Intertidal Area Disappears Under Sea Level Rise: 250 Years of Morphodynamic Modeling in San Pablo Bay, California

H. Elmilady*, M. van der Wegen, D. Roelvink, B. E. Jaffe

*Corresponding author for this work

Research output: Contribution to journalArticleScientificpeer-review

16 Citations (Scopus)
101 Downloads (Pure)


Anticipated sea level rise (SLR) threatens intertidal areas and associated ecosystems in estuaries worldwide. There is a need to develop validated modeling tools to assess the impact of SLR on estuarine morphodynamics. This study explores the morphological impact of SLR on a channel-shoal system in San Pablo Bay, a subembayment of San Francisco Bay, California, using a 3-D, process-based modeling approach (Delft3D) including density currents and wave action. The Bay underwent considerable morphologic development in response to variations in fluvial sediment load and discharge associated with a period of hydraulic mining for gold and later damming in the watershed. The availability of a unique 150-year, 30-year sequenced, bathymetric data set provided a rare opportunity for model validation. We investigate a 250-year period of morphodynamic evolution including a 150-year hindcast and a 100-year forecast with different SLR scenarios. The model shows significant skill in hindcasting volumes and patterns of bathymetric development during both net depositional (1856–1951) and erosional (1951–onward) periods. Forecasts show that SLR alters the Bay's erosional trend to a depositional trend again. Despite increased sediment trapping rates, the intertidal mudflats drown under all modeled SLR scenarios (42, 84, and 167 cm by end of the 21st century). Our work highlights the potential of using process-based models to assess the morphodynamic impact of SLR. The study also suggests that SLR can greatly increase the loss of intertidal area when landward migration is not possible. Sustainable management strategies are required to safeguard these valuable intertidal habitats.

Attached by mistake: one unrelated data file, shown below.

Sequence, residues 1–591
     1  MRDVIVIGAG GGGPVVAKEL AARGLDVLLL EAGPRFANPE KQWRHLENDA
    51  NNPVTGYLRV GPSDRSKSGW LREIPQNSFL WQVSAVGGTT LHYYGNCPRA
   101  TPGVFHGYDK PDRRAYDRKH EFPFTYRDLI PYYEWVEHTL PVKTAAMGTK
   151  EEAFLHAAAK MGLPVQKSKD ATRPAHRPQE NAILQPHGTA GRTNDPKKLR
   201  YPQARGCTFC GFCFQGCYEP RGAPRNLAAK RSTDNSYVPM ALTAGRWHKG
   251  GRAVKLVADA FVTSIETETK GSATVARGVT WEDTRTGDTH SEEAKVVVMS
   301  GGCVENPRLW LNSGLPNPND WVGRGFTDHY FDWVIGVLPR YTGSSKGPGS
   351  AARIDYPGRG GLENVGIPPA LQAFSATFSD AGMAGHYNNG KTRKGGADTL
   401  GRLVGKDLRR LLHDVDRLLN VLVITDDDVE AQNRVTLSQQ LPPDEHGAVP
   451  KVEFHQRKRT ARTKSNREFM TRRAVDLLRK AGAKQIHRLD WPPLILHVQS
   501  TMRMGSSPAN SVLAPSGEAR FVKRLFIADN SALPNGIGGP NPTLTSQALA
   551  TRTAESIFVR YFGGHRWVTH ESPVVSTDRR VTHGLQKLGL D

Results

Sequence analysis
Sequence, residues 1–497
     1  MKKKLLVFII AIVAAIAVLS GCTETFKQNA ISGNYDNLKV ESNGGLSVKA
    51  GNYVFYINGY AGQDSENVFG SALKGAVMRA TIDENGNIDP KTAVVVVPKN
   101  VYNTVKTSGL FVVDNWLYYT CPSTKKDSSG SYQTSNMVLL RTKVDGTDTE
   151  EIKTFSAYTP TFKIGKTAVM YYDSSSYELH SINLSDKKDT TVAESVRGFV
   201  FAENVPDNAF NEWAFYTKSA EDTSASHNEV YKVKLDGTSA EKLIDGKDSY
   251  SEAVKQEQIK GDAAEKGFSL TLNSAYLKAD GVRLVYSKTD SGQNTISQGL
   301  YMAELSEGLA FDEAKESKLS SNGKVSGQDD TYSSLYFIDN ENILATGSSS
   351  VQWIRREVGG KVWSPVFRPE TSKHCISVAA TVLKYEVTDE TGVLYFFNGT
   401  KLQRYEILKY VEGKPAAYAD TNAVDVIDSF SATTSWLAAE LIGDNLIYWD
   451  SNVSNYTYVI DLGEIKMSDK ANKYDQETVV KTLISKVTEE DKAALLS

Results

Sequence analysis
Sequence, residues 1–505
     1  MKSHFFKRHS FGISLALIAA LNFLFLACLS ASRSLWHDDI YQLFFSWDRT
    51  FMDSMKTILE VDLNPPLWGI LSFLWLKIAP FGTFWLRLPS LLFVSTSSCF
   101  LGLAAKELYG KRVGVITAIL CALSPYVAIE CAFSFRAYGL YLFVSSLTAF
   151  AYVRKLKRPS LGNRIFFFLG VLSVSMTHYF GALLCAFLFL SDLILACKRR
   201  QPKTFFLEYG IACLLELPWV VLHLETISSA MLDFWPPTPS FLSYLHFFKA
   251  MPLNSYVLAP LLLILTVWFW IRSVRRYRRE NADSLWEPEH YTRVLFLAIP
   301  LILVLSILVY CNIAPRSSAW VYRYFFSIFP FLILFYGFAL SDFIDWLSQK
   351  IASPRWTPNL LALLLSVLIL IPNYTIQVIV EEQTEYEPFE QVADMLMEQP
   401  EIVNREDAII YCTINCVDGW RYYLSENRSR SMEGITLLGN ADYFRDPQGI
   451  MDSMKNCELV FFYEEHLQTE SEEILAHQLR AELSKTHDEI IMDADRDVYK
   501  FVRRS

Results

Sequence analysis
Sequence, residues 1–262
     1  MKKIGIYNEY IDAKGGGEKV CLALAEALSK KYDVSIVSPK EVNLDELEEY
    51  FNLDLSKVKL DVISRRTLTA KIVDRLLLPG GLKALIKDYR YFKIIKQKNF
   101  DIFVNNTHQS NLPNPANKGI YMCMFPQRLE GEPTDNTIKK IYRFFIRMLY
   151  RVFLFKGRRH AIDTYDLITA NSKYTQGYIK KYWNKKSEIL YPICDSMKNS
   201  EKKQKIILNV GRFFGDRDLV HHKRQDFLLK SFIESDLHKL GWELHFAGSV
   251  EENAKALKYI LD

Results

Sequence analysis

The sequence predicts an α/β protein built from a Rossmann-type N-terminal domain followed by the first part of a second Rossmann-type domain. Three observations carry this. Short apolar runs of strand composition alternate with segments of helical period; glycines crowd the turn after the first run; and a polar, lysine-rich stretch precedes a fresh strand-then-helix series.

Original languageEnglish
Pages (from-to)38-59
Number of pages22
JournalJournal of Geophysical Research: Earth Surface
Issue number1
Publication statusPublished - 2019


  • Delft3D
  • Estuary
  • Intertidal mudflats
  • Long-term Morphodynamics
  • San Francisco Bay
  • Sea-level rise


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